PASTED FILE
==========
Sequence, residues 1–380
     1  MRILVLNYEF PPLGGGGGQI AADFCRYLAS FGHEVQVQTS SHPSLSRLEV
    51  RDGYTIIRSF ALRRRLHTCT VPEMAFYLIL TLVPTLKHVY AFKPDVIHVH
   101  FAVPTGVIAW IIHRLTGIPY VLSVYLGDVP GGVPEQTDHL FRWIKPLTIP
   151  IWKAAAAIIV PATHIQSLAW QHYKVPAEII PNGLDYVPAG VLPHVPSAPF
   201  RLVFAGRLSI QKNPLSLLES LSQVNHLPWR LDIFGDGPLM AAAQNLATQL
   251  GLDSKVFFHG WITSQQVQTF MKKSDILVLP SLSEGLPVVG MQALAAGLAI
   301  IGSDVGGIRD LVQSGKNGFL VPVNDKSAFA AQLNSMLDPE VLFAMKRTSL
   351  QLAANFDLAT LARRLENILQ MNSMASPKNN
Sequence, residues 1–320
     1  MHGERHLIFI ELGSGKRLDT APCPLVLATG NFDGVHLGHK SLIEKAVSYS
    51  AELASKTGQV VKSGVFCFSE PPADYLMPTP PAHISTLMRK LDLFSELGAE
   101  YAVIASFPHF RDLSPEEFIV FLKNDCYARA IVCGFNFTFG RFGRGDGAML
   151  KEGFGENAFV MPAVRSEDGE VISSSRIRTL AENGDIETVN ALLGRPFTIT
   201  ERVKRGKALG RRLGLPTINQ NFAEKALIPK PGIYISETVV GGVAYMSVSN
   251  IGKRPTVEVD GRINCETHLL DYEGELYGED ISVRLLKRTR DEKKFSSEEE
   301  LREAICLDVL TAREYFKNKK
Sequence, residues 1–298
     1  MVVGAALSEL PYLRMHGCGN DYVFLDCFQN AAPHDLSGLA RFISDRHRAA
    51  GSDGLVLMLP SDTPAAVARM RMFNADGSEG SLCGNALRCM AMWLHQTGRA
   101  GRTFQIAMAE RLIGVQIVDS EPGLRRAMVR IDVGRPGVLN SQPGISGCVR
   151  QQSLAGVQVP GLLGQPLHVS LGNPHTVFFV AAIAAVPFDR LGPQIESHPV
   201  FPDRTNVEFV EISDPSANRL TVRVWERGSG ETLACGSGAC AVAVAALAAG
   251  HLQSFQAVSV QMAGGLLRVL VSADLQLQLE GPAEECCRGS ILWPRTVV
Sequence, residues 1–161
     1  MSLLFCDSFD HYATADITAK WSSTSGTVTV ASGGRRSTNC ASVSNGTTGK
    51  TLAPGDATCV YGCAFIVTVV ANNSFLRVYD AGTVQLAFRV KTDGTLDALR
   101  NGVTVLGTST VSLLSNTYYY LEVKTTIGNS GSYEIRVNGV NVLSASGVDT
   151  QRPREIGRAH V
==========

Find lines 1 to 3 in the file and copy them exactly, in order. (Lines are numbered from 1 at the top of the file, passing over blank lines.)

Sequence, residues 1–380
     1  MRILVLNYEF PPLGGGGGQI AADFCRYLAS FGHEVQVQTS SHPSLSRLEV
    51  RDGYTIIRSF ALRRRLHTCT VPEMAFYLIL TLVPTLKHVY AFKPDVIHVH